“Private equity firms will be looking for quality of earnings and businesses that can show they are able to weather some of these challenging conditions. Very high-performing assets will go at a decent multiple but those that are in that mushy middle will continue to struggle.”

2) An International Outlook

A global perspective is sweeping through the PE space and, while international expansion is hard to get right, the scope to open up new markets is unrivalled. Bridget comments: “If you take European GDP levels, top line growth isn’t going to be achieved by simply looking at the domestic market. I think management teams need to be very mindful of emerging markets and operational improvements.”

Gary Favell, CEO of Bathstore, which is backed by American billionaire Warren Stephens, says: “More and more private equity houses are looking for that international development, a brand that travels internationally. We’re working to get into either the emerging markets or those markets that are very liquid: the Arab States, India and so on.”

Of course, there are plenty of opportunities across Europe too. Justin Ash, CEO of Bridgepoint backed Oasis Healthcare, a provider of dental care in the UK and Ireland, says: “More than ever, international expansion [should] be seen a good opportunity. Obviously it’s complicated, so it’s not to be taken for granted, but our acquisition of Smiles Dental in 2014 took us into Ireland and has proved to be very successful. It’s good to have a market with different dynamics.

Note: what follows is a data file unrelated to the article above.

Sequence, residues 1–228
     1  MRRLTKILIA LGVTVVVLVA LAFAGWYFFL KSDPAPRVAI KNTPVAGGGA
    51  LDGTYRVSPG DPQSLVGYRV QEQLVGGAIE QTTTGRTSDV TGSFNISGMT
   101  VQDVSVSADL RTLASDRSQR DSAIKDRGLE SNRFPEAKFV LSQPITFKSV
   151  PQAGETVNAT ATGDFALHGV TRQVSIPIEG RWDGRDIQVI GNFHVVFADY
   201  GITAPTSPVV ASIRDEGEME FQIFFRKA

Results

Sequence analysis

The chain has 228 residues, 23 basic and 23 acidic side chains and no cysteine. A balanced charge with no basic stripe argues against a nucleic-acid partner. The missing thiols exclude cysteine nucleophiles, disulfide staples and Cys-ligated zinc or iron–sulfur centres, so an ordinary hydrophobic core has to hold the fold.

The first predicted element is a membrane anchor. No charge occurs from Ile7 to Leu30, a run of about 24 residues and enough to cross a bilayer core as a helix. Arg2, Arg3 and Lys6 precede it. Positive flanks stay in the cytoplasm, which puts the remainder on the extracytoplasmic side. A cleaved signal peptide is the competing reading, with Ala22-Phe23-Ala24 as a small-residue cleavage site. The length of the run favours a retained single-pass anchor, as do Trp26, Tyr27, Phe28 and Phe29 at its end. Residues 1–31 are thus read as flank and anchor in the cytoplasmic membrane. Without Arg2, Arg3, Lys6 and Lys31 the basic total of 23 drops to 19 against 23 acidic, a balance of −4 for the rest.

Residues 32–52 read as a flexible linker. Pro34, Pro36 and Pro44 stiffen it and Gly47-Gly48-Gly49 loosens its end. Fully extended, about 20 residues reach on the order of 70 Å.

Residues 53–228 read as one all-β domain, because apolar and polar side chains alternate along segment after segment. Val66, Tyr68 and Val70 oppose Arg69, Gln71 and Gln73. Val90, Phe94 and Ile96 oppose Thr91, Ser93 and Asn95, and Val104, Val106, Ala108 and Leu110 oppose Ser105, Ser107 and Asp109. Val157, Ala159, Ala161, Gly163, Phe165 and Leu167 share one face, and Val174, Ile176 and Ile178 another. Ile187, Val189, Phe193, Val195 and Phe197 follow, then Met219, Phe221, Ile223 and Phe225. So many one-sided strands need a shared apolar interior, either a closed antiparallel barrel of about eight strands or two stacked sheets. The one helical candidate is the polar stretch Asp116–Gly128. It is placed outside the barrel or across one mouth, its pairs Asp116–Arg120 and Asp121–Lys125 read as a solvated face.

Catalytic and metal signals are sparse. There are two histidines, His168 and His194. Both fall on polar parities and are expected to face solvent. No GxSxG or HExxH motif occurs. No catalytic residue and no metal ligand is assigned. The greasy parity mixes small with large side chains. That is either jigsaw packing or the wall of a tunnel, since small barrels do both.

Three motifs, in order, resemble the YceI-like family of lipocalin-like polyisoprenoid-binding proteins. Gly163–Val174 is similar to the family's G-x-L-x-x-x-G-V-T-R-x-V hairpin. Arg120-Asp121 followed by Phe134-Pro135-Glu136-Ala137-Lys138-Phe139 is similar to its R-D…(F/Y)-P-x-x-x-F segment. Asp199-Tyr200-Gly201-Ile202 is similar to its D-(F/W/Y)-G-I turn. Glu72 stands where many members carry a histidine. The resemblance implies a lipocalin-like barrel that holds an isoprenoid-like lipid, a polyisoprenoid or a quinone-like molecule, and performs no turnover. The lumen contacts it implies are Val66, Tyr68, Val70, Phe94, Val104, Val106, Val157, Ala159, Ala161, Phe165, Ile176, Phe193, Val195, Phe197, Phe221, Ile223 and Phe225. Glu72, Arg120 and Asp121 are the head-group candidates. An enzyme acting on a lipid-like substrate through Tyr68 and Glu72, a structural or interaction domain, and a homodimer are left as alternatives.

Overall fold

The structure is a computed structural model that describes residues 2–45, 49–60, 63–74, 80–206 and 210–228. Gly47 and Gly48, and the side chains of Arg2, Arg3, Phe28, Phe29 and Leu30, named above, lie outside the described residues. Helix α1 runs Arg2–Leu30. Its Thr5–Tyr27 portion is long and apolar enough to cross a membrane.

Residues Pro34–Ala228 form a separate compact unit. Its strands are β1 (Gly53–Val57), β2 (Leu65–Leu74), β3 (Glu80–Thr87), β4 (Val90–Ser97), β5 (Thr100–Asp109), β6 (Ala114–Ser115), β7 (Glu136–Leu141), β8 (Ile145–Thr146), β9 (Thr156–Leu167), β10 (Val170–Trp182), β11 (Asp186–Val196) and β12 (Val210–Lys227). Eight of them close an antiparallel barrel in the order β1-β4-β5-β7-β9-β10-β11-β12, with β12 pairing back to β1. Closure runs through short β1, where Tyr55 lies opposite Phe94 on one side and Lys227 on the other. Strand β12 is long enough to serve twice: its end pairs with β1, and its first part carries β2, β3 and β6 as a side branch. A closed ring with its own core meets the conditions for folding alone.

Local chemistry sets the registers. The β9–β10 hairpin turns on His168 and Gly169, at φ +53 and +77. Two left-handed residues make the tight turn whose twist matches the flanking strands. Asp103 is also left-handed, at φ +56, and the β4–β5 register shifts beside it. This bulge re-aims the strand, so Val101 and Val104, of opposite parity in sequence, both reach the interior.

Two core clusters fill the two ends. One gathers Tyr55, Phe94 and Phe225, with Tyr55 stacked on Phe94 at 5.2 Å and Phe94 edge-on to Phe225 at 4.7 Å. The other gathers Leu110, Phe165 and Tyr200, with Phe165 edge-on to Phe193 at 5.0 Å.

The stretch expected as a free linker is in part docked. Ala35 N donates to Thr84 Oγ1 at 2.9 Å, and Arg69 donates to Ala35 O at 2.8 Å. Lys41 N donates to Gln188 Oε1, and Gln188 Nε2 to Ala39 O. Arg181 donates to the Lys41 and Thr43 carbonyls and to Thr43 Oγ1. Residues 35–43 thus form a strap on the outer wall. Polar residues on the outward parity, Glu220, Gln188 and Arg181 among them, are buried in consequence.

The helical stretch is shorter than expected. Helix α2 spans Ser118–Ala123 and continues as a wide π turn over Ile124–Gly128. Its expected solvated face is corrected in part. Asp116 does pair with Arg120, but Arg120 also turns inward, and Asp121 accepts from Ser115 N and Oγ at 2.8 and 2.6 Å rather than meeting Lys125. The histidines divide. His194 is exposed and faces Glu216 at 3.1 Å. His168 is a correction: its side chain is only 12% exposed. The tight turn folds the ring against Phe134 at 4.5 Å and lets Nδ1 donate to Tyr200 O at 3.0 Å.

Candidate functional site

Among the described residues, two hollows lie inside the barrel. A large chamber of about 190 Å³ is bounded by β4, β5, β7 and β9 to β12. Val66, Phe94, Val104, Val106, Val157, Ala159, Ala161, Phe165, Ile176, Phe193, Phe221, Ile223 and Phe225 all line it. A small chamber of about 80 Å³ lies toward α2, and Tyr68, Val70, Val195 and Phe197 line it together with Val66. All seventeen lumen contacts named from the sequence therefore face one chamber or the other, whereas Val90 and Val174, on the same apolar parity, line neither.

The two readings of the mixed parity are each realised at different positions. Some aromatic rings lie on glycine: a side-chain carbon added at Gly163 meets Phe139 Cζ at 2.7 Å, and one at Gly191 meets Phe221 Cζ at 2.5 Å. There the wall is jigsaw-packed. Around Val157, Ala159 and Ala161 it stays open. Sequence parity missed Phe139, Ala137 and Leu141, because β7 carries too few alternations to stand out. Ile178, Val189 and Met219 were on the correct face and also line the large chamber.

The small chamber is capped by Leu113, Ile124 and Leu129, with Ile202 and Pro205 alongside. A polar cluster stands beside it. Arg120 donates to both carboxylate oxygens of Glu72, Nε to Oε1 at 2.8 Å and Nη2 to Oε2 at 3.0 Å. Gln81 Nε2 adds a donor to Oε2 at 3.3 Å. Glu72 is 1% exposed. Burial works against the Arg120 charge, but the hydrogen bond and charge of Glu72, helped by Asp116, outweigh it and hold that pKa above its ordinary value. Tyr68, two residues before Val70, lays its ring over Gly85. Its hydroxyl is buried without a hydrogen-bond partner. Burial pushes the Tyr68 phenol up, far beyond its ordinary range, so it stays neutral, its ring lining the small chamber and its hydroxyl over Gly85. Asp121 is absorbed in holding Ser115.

“Our market is a growth market in most parts of the world and we tend to benefit from environments where there has been a lack of consolidation and a lack of branding. So for us, that’s what a new market needs to have to make it attractive.”

3) Where’s the Exit?

Both trade and secondary exit options are open, and despite a subdued Q4 the IPO market is likely to pick up once again. This means 2015 will be a year of decision-making because there is no longer any excuse for firms to ‘sit’ on assets.

Paul Brennan, Chairman of OnApp, a cloud infrastructure software provider which is backed by LDC, says: “I think everyone’s looking at what is a possible exit strategy or the dilution strategy in the context of where the market is. PE houses are asking, ‘You know what, do we double down re-invest, or do we look at perhaps letting other people lead the next round of funding?’